Garbage – Part 1: Pacific Garbage Patch

Two of the most interesting science-related destinations on earth are both garbage-related, so get ready for a garbage-themed two-part post.

Remember the duckies that floated around the oceans for years? Ocean currents brought them all the way across the Arctic. But ocean currents don’t always push garbage to shore. The currents also create large vortexes from which floating plastic can’t escape. Instead, it all stays within the vortex, and creates a patch of floating waste in the convergence zone.

Marine Debris Poster (4) AI9

This is what happened at the Pacific Garbage Patch.

Despite some photos you may have seen, this is not a large patch of floating objects. (In fact, I can’t find ANY reliable and reusable photos of what it ACTUALLY looks like, so you just get a map.)

Unlike the duckies, which retained their duckie shape throughout their oceanic travels, the majority of the plastic in the Pacific Garbage Patch is not shaped like any recognizable objects. It’s mainly plastic pellets, down to microscopic size. The water can look relatively normal on the surface, but water samples consistently show plastic.

As Miriam Goldstein describes in an interview with io9, it’s not entirely clear what the effect is of so much plastic in the ocean, but it’s definitely changing the ecosystem.

It’s also very difficult – logistically – to clean up plastic from such a large and remote area. It’s not close to any particular country, and the garbage comes from everywhere, so whose job is it to clean?

The best solution, of course, is to prevent garbage from ever ending up in the ocean in the first place, and next week I’ll take you on a virtual trip to a place where household waste is being reused in a unique way.

Map from Wikimedia, in the public domain.

Nikko Natural Science Museum

IMG_2558A few years ago I was in Japan for a conference, and tagged on some extra days to explore a bit more of the country together with my sister. We mostly stayed in and around Tokyo, but we took a two-day trip to Nikko, further inland. Nikko is a small town with a beautiful heritage site, with lots of temples, and a famous wood carving of the original “see no evil, hear no evil, speak no evil” monkeys.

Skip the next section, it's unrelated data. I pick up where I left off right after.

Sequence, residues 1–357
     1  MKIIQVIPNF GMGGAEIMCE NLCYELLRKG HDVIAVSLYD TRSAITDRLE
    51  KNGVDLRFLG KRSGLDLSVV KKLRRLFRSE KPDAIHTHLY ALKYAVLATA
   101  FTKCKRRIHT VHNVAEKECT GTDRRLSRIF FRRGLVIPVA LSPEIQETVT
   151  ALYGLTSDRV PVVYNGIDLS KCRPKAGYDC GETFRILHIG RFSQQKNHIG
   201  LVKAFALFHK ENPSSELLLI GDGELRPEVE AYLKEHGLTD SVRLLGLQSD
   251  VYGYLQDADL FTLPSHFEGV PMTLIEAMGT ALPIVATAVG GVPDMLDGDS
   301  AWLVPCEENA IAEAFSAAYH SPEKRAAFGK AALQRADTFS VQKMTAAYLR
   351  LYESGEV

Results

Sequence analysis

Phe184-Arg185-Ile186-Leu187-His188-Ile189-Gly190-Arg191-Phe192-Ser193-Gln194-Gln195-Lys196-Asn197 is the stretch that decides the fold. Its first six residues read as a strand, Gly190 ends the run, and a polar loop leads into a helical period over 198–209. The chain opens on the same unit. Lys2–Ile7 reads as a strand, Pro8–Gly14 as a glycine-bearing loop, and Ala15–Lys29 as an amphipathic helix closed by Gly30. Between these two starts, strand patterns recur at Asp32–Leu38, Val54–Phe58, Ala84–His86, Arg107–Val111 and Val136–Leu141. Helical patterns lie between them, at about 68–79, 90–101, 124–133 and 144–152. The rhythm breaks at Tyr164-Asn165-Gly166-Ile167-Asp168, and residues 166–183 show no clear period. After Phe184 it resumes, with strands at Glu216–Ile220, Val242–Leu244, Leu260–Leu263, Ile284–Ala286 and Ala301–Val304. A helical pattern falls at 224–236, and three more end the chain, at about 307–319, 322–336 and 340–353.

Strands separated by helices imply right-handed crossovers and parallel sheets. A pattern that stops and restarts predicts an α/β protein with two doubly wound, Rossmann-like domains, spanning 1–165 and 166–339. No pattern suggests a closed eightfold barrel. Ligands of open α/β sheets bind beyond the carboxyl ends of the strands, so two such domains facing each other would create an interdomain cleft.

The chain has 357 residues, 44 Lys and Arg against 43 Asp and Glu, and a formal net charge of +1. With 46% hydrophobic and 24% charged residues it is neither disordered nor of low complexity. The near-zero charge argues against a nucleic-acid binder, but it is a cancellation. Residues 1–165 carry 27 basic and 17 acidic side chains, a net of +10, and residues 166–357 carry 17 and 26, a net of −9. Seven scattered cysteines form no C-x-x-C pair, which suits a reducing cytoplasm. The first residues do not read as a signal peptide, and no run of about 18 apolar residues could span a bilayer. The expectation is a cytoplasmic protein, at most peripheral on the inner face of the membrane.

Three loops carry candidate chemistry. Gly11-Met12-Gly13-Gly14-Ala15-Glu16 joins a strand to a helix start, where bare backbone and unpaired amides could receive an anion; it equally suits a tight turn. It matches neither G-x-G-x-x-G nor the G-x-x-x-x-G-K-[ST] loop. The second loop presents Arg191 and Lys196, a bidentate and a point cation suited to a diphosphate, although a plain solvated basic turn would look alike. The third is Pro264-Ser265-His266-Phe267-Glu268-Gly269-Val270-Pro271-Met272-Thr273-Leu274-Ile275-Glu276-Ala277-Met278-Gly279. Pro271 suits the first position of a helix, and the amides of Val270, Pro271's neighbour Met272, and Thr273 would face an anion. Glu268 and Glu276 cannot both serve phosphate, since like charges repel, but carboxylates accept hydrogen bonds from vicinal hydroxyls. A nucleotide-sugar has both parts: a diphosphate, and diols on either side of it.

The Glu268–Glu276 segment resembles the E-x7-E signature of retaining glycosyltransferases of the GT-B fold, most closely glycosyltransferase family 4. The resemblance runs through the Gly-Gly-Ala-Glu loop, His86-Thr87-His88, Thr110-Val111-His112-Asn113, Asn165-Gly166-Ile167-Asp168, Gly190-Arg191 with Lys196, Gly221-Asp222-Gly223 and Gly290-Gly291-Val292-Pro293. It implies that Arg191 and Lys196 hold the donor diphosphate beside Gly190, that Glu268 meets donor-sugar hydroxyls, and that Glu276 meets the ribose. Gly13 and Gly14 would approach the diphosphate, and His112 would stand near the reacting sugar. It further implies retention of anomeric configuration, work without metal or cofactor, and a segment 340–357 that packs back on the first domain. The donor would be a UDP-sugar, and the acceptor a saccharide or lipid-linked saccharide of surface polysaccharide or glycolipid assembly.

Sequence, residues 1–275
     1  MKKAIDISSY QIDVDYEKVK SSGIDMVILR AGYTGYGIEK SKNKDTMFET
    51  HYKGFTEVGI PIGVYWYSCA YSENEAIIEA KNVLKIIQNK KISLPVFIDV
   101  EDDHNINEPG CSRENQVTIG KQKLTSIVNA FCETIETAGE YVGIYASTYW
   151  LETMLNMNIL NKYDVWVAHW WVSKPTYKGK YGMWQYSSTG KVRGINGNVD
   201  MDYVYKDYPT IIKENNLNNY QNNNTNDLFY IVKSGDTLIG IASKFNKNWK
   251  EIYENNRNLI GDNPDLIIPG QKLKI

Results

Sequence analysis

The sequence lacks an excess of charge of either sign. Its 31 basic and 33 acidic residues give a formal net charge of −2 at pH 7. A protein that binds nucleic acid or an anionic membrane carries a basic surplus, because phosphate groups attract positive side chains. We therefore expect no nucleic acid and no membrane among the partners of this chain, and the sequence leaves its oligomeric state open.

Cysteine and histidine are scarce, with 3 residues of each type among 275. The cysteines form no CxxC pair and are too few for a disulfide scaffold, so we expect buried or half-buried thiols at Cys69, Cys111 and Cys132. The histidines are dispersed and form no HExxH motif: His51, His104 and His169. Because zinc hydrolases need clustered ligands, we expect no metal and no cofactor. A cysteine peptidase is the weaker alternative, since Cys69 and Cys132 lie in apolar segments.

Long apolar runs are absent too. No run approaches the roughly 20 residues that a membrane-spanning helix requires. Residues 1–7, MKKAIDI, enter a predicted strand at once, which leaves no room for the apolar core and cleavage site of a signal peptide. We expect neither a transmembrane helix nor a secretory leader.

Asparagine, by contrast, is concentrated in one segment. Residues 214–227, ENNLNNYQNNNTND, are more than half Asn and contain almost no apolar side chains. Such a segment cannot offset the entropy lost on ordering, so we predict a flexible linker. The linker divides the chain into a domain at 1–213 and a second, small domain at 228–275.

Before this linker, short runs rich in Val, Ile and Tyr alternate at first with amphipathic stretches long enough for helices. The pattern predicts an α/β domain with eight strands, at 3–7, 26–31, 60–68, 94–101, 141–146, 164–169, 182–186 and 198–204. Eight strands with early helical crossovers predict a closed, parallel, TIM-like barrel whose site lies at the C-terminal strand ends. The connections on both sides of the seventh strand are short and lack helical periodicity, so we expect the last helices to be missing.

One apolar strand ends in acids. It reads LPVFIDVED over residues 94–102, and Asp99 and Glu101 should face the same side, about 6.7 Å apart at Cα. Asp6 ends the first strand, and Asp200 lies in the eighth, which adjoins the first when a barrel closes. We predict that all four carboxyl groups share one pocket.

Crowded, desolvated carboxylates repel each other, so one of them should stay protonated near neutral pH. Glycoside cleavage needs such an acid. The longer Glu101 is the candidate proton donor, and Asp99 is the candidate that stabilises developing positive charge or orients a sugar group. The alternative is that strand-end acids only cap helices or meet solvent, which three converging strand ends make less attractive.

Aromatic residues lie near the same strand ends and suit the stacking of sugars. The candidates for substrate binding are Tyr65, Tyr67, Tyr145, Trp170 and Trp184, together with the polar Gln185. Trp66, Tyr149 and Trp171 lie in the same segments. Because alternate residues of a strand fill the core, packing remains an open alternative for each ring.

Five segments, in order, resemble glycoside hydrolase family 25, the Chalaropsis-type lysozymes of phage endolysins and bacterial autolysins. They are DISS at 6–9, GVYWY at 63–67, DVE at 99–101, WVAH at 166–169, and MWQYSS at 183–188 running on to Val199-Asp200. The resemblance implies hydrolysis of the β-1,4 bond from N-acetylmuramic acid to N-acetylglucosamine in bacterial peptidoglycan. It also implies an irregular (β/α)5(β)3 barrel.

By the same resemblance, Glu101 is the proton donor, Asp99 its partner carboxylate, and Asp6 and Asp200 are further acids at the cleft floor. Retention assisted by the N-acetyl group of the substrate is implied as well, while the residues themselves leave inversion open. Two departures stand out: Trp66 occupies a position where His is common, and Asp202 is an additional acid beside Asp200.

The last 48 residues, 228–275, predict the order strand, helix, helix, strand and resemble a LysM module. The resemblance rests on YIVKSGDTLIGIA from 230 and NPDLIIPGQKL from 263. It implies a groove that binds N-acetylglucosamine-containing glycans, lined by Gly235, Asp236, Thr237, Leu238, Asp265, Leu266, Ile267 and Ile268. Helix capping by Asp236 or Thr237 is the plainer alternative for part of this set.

Close to Nikko, just a 20-minute bus ride away, is a waterfall that all the guidebooks recommended, so we had to check it out. The waterfall is further uphill, at Lake Chuzenji – a lake formed after a volcanic eruption blocked off the river thousands of years ago.

Before we got on the bus, we became a bit worried by the fog we had seen creeping onto the mountain. Hoping that it would clear eventually, and with no further days left in Nikko, we decided to risk it and journeyed to Lake Chuzenji.

The further we travelled up the mountain, the thicker the fog got.

Once we got out of the bus at the top, we walked toward the waterfall, barely seeing more than about twenty or thirty feet in front of us.

In the distance, we saw what looked like a… bear?

Coming closer, the bear stayed motionless next to a sign. It was a wooden statue.


The sign was for the Nikko Natural Science Museum, but we were aiming for the falls, so we didn’t stop at the museum.

Last week, more than two years after visiting the Lake Chuzenji area, I was looking at my photos again, and decided to look into this Natural Science Museum that the bear was trying to entice us to visit.

Continue reading